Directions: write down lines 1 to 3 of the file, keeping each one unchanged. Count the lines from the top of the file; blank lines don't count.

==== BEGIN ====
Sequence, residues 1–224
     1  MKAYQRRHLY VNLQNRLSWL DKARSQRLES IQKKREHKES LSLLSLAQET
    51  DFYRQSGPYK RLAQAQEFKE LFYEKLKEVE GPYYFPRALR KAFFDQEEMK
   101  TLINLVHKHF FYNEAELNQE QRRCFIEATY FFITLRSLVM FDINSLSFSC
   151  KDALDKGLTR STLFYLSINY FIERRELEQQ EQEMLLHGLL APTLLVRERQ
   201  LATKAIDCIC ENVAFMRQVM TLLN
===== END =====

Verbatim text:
Sequence, residues 1–224
     1  MKAYQRRHLY VNLQNRLSWL DKARSQRLES IQKKREHKES LSLLSLAQET
    51  DFYRQSGPYK RLAQAQEFKE LFYEKLKEVE GPYYFPRALR KAFFDQEEMK